Special Issue "Water Infrastructure Asset Management"

A special issue of Infrastructures (ISSN 2412-3811).

Deadline for manuscript submissions: 31 December 2019

Special Issue Editors

Guest Editor
Dr. Assela Pathirana

Associate Professor of Integrated urban water cycle management, Flood Resilience Research Group, Department of water science and engineering, IHE-Delft Institute for water education, Westvest 7, Delft 2611AX, The Netherlands
Website | E-Mail
Interests: urban water cycle management; climate change adaptation; rainfall; urban drainage and flood; infrastructure asset management
Guest Editor
Mr. Frank Den Heijer

Project manager flood risk, expert consultant division of flood risk, Deltares, Boussinesqweg 1, 2629 HV Delft, The Netherlands
Website | E-Mail
Interests: flood risk management; probabilistic design in hydraulic engineering; hydraulics of deltas; asset management of flood infrastructure; reservoir management; water defence structures
Guest Editor
Dr. Eur Ing. Paul B Sayers

1. Sayers and Partners LLP, Watlington, UK
2. University of Oxford Honorary Fellow, Oxford, UK
Website | E-Mail
Interests: strategic flood risk management; flood defence planning; design; management; nature-based approaches; flood social and economic vulnerability; coastal erosion; climate risk and resilience

Special Issue Information

Dear Colleagues,

Many civil infrastructure systems have water-related functions: Flood defence, marine infrastructures, irrigation, drinking water, sewage, etc. Considerable investments are required for building, renovating and maintaining these systems. Most influence (positively or negatively) other associated systems, serve multiple functions and are often operated by more than one owner/manager. This tapestry of type, function and ownership present a complex challenge to life cycle asset management.

In recent decades, these complex challenges have motivated the development of more strategic, whole life and multi-disciplinary approaches to guide the design, maintenance and planning of water infrastructure assets. Across these asset types engineers and designers face similar issues and this special issue focuses on the latest developments in managing water-related infrastructure systems, including (but not limited to), buried pipe (drinking/sewer water) systems, dikes and dunes, storm surge barriers, bridge pillars, locks, sluices, retaining walls, harbour infrastructures, reservoirs and dams, irrigation systems, etc.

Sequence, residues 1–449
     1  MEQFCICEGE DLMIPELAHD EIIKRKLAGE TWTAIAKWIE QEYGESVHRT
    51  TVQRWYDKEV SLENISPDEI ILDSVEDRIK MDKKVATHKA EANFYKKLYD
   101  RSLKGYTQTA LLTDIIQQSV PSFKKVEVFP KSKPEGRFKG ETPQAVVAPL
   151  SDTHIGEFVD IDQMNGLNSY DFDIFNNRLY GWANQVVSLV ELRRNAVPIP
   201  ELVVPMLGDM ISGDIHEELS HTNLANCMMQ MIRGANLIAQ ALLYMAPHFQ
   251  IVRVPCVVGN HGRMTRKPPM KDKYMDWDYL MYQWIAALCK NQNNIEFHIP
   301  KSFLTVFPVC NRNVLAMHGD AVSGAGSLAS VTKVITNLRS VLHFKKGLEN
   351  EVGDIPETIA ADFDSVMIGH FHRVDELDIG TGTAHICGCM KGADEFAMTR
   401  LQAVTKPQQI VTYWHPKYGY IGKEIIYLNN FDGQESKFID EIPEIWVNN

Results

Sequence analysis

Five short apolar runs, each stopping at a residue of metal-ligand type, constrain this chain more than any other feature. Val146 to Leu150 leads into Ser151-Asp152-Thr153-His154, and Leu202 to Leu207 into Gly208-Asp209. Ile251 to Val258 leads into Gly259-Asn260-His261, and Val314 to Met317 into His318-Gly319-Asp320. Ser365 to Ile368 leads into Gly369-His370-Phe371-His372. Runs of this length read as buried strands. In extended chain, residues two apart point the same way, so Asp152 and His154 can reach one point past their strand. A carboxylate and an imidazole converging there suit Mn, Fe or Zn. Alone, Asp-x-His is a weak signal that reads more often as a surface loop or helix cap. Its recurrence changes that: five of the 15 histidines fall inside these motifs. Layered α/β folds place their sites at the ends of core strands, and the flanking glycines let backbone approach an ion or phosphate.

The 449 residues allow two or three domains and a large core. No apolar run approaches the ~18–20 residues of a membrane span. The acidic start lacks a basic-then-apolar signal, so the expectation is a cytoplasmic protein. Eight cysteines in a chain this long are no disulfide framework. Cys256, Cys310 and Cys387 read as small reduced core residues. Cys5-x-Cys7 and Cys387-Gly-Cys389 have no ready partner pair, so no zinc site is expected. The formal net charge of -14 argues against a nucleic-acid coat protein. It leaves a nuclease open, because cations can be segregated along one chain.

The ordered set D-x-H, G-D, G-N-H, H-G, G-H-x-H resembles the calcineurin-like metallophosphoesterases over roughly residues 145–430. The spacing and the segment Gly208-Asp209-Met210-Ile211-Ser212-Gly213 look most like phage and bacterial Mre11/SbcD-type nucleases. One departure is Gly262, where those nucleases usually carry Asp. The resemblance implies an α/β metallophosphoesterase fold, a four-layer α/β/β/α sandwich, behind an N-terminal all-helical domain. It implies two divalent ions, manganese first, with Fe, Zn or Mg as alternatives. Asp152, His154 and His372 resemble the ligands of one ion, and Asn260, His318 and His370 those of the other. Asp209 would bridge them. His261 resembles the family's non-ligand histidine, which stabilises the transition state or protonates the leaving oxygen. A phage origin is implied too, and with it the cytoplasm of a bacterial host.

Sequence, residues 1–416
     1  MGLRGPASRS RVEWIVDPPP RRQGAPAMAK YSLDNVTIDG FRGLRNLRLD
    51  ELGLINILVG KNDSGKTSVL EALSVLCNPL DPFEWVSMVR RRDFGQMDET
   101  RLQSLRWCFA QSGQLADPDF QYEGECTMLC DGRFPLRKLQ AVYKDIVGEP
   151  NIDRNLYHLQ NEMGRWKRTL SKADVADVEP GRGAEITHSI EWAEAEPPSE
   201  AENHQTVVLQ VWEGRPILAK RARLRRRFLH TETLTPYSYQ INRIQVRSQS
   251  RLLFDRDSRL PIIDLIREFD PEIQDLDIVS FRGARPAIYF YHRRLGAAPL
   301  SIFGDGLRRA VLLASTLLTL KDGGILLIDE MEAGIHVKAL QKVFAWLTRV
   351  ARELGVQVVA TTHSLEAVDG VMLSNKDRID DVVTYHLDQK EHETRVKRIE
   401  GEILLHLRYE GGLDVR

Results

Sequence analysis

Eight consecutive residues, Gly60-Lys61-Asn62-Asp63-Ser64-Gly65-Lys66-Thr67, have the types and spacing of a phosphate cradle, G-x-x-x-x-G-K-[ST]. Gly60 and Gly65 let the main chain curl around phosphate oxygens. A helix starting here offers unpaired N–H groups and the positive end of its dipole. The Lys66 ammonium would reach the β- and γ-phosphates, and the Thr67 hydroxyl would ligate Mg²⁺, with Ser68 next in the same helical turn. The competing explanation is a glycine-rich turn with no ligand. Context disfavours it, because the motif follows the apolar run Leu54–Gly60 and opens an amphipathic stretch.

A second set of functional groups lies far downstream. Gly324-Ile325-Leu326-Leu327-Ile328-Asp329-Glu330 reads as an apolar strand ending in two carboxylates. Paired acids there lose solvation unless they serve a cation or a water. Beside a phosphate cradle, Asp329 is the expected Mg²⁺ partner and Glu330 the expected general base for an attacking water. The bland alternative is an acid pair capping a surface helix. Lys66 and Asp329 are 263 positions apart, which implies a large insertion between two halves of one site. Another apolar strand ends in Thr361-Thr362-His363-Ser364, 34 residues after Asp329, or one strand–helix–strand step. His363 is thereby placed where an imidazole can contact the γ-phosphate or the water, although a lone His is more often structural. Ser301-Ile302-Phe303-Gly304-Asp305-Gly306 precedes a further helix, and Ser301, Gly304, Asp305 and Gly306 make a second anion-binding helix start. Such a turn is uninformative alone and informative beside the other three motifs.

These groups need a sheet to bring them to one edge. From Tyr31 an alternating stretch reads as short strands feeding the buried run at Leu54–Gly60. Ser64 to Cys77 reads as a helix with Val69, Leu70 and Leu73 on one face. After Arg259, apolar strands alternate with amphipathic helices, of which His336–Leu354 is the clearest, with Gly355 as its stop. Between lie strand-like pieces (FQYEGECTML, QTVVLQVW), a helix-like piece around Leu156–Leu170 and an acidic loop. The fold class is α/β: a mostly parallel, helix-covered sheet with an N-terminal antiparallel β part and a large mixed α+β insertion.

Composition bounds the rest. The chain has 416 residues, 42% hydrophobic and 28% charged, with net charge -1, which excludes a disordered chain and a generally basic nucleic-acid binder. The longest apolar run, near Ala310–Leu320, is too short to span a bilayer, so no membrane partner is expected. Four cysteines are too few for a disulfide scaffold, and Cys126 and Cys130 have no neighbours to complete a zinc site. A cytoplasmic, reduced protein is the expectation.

We invite submissions from across water infrastructure asset management, that address key challenges of (i) How to appropriately reconfigure existing assets and design new assets in a way that makes future adaptation easy. (ii) How best to ensure infrastructure assets delivery multiple life-time outcomes for society and the environment. (iii) How to work embrace the contribution of natural infrastructure alongside conventional infrastructure.

We encourage you to consider the opportunity for water infrastructure asset managers in addressing these challenges and welcome papers that aspects a broad range of topics, including:

  1. Data management: Asset inventories, innovation data collation methods and uncertainty handling, data value
  2. Asset condition assessment and deterioration modelling
  3. Asset failure modes and reliability analysis.
  4. Risk-based planning and optimisation of renewal programming.
  5. Asset adaptation and life cycle management (managing uncertainty, climate change, funding, changing demands and requirements, scenario analysis, societal cost benefit approaches, system optimization and planning);
  6. Life time extension approaches: repair and renovation techniques, design, probabilistic modelling and maintenance optimization.
  7. Software tools for addressing different aspects of asset management (e.g., optimization, life-cycle costing)
  8. Innovations in (Higher) Education and training in AM for water infrastructure.